AstraZeneca, GSK snag a direct line to researchers at Cambridge academic hub

AstraZeneca ($AZN) and GlaxoSmithKline ($GSK) have secured direct connections to researchers at the University of Cambridge and its associated academic institutions. The arrangement is part of a "matchmaking" scheme, in which drugmakers will provide academics with funding for collaborative research and access to their experimental therapies.

Professor Tony Kouzarides

The giants of British biopharma are joined by Cambridge, U.K.-based Astex Pharmaceuticals on the industry side of the table, while the Babraham Institute and the Wellcome Trust Sanger Institute sit alongside the university as the academic participants in the alliance. To bridge the two groups, the organizations have set up the Therapeutics Consortium, the terms of which are designed to cut red tape that can slow the transfer of assets and information between industry and academia. For now, the Consortium is housed at the Gurdon Institute but it will move early in 2018.

Once opened, the Milner Therapeutics Institute--a new building at Cambridge Biomedical Campus created with a £5 million ($7.8 million) donation--will host the Consortium and facilitate its activities. "The Milner Institute will act as a 'match-making' service through the Therapeutics Consortium, connecting the world-leading research potential of the University of Cambridge and partner institutions with the drug development expertise and resources of the pharmaceutical industry," Professor Tony Kouzarides said in a statement.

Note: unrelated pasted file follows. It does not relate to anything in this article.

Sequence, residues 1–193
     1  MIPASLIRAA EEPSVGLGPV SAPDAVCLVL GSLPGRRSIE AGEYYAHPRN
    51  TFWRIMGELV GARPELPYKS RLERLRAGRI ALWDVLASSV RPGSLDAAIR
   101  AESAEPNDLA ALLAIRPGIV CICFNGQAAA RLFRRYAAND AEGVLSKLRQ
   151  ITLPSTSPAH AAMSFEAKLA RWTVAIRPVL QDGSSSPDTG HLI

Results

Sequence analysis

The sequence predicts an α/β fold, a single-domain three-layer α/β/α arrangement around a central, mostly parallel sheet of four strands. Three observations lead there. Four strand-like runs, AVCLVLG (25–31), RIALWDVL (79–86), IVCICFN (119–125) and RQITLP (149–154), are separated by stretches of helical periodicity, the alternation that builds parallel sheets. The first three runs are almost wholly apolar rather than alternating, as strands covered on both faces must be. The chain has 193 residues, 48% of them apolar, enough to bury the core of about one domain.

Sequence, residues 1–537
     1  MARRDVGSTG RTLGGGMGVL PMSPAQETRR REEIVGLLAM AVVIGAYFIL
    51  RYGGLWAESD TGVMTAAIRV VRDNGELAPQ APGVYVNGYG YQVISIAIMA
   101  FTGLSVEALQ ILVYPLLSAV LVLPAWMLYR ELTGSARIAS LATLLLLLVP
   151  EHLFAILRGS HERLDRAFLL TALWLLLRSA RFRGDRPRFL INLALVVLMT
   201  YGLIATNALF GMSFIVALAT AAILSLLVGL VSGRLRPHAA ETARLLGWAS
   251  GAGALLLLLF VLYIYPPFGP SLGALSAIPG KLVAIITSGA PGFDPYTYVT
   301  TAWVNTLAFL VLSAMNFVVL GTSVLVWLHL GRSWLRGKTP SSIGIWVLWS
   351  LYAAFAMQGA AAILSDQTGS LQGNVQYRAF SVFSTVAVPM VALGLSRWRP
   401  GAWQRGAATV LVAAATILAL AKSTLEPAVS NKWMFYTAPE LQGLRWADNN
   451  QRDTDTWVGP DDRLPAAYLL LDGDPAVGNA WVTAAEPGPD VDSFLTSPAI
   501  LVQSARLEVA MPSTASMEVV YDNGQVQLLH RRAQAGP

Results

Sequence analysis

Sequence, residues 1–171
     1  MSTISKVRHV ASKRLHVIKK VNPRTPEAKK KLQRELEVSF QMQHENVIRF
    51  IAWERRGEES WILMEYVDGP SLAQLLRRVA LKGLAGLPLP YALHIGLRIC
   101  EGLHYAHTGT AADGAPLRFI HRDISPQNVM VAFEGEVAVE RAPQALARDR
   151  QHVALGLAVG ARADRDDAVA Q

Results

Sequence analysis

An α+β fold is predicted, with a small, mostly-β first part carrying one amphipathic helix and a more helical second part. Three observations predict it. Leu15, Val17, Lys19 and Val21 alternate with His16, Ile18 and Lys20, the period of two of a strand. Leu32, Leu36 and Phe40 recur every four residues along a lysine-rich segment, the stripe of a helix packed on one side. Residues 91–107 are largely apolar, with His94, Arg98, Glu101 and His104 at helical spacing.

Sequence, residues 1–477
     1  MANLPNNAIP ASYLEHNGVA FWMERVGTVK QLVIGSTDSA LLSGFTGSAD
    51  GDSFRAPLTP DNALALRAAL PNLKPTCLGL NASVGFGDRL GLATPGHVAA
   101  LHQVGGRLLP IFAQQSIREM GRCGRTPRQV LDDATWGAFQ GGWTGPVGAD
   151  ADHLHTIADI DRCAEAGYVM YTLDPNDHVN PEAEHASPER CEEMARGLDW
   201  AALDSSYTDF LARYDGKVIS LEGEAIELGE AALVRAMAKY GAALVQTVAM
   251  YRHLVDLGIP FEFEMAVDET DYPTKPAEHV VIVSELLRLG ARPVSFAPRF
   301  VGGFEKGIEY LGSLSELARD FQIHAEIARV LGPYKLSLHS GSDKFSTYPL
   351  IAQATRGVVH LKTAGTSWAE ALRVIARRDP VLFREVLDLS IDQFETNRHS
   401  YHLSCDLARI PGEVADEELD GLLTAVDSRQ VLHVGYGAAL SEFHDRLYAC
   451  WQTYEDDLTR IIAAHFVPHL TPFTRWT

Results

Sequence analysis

Kouzarides, who will lead the Therapeutics Consortium and the Milner Institute, is hoping "many more" biopharma companies will join Astex, AstraZeneca and GSK on the industry side of the alliance. The biopharma partners are to provide cash for collaborative projects, as well as funding for an executive manager to oversee alliances with their academic allies. Equally importantly, the companies will open up their portfolio of experimental therapies to allow researchers to probe their mechanism, efficacy and potential.

GSK sees such work as a way to cut the rate of attrition in clinical trials. "Late-stage attrition is too high. As an industry, we must improve our success rate by understanding our molecules and targets better. This innovative institute … aims to increase our knowledge of basic biological mechanisms to help us bring the right investigational medicines into human trials and ultimately to patients," Rab Prinjha, head of GSK's epigenetics discovery performance unit, said in a statement.

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